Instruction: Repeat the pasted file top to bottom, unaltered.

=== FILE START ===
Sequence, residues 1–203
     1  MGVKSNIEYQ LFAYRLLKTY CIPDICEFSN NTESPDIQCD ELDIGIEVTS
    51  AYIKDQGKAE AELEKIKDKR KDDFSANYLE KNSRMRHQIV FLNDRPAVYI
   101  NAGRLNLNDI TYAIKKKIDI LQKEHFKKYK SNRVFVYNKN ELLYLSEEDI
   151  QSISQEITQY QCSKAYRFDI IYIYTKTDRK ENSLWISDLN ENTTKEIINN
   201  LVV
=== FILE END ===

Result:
Sequence, residues 1–203
     1  MGVKSNIEYQ LFAYRLLKTY CIPDICEFSN NTESPDIQCD ELDIGIEVTS
    51  AYIKDQGKAE AELEKIKDKR KDDFSANYLE KNSRMRHQIV FLNDRPAVYI
   101  NAGRLNLNDI TYAIKKKIDI LQKEHFKKYK SNRVFVYNKN ELLYLSEEDI
   151  QSISQEITQY QCSKAYRFDI IYIYTKTDRK ENSLWISDLN ENTTKEIINN
   201  LVV